from The American Heritage® Dictionary of the English Language, 4th Edition
- adj. Of, relating to, or produced by magic.
- adj. Enchanting; bewitching: a magical performance of the ballet.
from Wiktionary, Creative Commons Attribution/Share-Alike License
- adj. Of or relating to magic.
- adj. Enchanting.
from The Century Dictionary and Cyclopedia
- Same as magic.
from WordNet 3.0 Copyright 2006 by Princeton University. All rights reserved.
- adj. possessing or using or characteristic of or appropriate to supernatural powers
The word "magical" is one of the most overused words in travel literature, but it is the travel writer's ability to transform the everyday world with a genuine sense of the magical that alone justifies the existence of the genre and makes the loss of a great travel bookshop so particularly sad, even if an American film star never really fell in love with its owner.
When Steve Jobs appeared on stage last week to unveil the iPad 2, which hit stores Friday, he said, "People laughed at us for using the word 'magical,' but, you know what, it's turned out to be magical."
Esthetically speaking, the notion that the magical is the wonderful is puzzling.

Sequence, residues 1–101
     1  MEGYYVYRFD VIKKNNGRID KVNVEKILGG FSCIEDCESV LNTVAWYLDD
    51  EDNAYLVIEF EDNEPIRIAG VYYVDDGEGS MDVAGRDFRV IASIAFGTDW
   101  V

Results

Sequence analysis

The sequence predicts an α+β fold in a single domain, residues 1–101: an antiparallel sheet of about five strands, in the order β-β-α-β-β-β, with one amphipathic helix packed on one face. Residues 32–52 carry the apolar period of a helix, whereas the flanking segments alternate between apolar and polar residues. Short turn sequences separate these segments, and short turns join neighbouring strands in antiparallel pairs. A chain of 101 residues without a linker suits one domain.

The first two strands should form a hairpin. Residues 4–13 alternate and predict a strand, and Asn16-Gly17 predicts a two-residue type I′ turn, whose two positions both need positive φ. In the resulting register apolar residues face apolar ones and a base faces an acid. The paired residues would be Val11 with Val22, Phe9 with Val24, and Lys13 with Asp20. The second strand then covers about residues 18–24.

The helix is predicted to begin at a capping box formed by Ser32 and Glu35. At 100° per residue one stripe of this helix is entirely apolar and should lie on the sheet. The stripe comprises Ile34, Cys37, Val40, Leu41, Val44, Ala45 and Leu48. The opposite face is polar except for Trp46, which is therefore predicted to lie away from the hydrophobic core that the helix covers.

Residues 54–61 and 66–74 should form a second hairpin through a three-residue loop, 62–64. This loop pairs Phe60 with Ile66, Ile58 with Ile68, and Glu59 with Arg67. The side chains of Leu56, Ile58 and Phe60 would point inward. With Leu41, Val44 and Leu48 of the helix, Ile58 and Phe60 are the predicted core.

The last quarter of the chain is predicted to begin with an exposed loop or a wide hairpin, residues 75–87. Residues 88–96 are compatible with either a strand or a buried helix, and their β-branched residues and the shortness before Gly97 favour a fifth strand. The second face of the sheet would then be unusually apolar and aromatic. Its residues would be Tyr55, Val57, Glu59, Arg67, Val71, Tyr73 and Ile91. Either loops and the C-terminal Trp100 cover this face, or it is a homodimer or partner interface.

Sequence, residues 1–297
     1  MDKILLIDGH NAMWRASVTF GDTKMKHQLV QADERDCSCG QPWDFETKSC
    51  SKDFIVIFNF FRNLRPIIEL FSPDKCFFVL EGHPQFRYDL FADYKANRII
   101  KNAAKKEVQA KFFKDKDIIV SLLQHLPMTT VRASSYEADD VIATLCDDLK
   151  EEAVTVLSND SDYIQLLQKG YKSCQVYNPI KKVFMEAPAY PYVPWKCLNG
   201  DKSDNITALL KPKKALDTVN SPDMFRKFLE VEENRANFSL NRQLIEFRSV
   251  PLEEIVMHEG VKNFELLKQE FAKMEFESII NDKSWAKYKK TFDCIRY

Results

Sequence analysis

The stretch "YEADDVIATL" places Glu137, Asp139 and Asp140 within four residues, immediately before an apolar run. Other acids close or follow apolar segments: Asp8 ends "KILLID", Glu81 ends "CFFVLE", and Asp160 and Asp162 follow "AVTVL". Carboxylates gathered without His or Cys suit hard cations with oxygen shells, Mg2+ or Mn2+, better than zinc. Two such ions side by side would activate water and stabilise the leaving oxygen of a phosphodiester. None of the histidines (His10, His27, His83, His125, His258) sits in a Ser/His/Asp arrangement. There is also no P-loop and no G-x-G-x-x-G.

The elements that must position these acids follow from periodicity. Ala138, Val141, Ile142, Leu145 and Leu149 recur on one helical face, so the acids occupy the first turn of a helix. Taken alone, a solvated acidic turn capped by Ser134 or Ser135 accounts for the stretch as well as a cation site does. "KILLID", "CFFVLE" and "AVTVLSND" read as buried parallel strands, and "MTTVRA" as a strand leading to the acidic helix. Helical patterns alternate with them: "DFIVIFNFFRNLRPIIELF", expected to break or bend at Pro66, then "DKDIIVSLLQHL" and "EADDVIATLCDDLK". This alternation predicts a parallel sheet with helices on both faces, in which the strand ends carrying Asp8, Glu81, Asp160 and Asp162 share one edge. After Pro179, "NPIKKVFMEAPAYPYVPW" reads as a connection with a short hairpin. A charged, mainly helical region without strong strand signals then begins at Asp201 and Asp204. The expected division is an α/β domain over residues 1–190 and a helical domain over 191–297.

She hoped to take advantage of what she called a "magical window" of calm seas and favorable weather forecast to last through the weekend.
Though she had vowed there would be no second attempt, this week she flew to Cuba to take advantage of what she called a "magical window" of good weather and sea conditions.
And that, my friends, is what I call magical thinking.
That what you call magical or spiritual is only methods unlearned.
LOS ANGELES Reuters - Paul McCartney on Thursday recalled the shock and fear that engulfed New York in the aftermath of the Sept 11 attacks and what he called the magical power of music in helping to heal those wounds.
I always use the word magical - our little magical Ashland.
"People laughed at us for using the word 'magical,' to describe iPad, but we think it is," Jobs said.